Larry wondered what sort of shoes Horace wore. He looked round the kitchen. There was a pair of shoes waiting to be cleaned in a corner. They were about the size of the footprint. But they didn’t have rubber soles. Perhaps Peeks was wearing them now. The children wished he would come in.

“I must just go and pump up my front tyre,” said Larry, getting up. “I won’t be a minute.”

But although he left the other two quite five minutes to talk, there didn’t seem anything more to be found out.

“Didn’t find out anything else,” said Pip in a low voice. “Hallo—who’s this? Do you think it is Horace?”

They saw a weedy-looking young man coming in at the gate. He had an untidy lock of hair that hung over his forehead, a weak chin, and rather bulging blue eyes, a little like Mr. Goon’s. He wore a grey flannel coat!

All the children noticed this immediately. Daisy’s heart began to beat fast. Could they have found the right person at last?

“What you doing here?” asked Horace Peeks.

“We came to ask for a drink of water,” said Larry, wondering if he could possibly edge round Horace to see if there was a tear in his grey coat anywhere!

“And we found out that we come from the same place that you lived in only a little while ago,” said Daisy brightly. “We live at Peterswood.”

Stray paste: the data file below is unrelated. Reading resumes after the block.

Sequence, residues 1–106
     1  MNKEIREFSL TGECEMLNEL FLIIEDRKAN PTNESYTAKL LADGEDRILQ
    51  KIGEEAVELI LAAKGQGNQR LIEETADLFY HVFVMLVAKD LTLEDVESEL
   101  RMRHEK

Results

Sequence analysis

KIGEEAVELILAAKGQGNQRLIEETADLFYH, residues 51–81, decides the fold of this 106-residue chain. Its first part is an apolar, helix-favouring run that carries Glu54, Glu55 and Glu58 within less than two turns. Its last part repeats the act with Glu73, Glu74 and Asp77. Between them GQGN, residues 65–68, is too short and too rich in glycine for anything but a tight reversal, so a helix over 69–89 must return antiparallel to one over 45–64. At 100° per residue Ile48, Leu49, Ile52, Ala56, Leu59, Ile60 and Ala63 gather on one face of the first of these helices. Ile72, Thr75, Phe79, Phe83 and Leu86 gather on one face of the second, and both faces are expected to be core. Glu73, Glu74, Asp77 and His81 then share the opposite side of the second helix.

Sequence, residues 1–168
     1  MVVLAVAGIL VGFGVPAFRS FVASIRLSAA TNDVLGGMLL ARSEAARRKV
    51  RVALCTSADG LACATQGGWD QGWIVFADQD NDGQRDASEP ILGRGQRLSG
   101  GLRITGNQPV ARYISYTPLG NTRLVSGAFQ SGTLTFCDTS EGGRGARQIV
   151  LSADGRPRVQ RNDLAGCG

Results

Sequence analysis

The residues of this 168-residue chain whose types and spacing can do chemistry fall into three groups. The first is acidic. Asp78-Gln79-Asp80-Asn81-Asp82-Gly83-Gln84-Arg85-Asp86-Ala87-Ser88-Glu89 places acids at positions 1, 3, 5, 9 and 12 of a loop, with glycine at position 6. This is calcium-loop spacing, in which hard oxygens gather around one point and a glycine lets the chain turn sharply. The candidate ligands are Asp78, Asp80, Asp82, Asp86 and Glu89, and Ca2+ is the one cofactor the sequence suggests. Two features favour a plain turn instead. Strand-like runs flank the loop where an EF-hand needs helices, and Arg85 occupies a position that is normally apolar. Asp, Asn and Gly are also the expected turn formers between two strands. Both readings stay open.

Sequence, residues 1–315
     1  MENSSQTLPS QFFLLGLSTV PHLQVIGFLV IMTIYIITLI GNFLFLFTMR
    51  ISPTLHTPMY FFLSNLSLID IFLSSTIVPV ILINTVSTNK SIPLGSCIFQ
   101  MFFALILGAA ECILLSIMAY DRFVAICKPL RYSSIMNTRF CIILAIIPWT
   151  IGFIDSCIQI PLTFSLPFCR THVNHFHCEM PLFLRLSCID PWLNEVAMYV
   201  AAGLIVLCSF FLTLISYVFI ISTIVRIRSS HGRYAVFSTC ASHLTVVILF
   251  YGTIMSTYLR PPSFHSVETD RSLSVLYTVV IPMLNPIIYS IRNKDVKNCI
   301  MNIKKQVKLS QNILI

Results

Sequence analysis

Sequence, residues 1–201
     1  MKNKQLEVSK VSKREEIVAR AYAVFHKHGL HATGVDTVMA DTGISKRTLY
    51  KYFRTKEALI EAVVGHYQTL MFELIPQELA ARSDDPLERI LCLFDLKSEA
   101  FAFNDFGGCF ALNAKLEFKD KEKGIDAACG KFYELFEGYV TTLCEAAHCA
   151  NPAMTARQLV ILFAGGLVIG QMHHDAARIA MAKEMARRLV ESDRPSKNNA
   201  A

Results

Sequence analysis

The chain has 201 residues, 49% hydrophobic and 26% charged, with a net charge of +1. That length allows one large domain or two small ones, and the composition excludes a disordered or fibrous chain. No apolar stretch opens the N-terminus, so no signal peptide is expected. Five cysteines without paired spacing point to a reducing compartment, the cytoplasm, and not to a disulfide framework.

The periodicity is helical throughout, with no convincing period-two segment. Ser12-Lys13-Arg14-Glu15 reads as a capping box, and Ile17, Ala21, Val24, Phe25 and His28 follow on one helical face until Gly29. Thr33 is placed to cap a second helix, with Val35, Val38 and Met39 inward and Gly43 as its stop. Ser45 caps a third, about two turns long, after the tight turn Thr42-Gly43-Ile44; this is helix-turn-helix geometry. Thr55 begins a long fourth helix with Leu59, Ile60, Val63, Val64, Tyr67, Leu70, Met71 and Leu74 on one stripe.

“That’s where I worked,” said Horace. “Do you know that bad-tempered old Mr. Hick? I worked for him, but nothing was ever right. Nasty old man.”

“We don’t like him very much ourselves,” said Pip. “Did you know there was a fire at his place the day you left?”

“How do you know what day I left?” asked Mr. Peeks, astonished.

“Oh, we just mentioned the fire to your mother and she said it must have been the day you left, because you didn’t know anything about it,” said Pip.

“Well, all I can say is that Mr. Hick deserved to have his whole place burnt down, the mean, stingy, bad-tempered old fish!” said Horace. “I’d like to have seen it!”

The children looked at him, wondering if he was pretending or not. “Weren’t you there, then?” asked Daisy, in an innocent voice.

“Never you mind where I was!” said Peeks. He looked round at Larry, who was edging all round him to see if he could spot a tear in the grey flannel coat that Horace was wearing. “What are you doing?” he asked. “Sniffing round me like a dog! Stop it!”

“You’ve got a spot on your coat,” said Larry, making up the first excuse he could think of. “I’ll rub it off.”